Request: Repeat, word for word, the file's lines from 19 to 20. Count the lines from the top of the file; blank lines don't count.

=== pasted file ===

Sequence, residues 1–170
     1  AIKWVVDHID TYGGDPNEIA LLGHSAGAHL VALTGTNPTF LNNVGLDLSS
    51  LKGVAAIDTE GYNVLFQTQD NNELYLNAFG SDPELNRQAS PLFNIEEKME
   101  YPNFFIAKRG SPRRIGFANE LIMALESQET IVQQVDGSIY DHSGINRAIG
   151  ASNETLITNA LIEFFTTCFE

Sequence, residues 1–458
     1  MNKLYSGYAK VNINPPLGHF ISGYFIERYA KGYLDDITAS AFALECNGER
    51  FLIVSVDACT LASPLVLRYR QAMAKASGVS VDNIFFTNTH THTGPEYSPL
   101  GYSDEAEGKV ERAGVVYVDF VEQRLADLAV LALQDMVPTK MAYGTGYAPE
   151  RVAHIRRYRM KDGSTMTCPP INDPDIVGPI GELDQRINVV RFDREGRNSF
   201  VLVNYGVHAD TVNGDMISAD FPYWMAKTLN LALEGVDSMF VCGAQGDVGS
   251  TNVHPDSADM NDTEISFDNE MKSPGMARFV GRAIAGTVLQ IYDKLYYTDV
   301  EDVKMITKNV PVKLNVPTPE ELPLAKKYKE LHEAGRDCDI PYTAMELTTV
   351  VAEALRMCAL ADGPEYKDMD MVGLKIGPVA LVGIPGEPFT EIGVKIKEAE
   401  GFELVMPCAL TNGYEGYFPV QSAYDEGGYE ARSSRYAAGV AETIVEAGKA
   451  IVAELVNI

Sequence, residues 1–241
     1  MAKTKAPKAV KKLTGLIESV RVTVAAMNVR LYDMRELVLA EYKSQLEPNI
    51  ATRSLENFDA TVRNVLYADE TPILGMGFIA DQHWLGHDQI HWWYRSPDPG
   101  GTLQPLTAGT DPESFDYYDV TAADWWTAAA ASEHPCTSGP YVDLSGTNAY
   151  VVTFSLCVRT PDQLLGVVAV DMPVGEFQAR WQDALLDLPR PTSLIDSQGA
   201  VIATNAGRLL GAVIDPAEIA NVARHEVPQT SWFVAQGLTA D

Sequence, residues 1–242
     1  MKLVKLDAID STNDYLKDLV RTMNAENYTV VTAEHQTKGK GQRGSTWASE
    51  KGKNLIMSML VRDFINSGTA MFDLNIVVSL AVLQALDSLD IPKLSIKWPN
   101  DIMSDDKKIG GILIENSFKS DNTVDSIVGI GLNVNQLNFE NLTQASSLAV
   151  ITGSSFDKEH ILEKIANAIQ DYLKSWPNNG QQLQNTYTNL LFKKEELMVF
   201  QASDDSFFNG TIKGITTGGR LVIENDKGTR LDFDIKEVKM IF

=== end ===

    51  ATRSLENFDA TVRNVLYADE TPILGMGFIA DQHWLGHDQI HWWYRSPDPG
   101  GTLQPLTAGT DPESFDYYDV TAADWWTAAA ASEHPCTSGP YVDLSGTNAY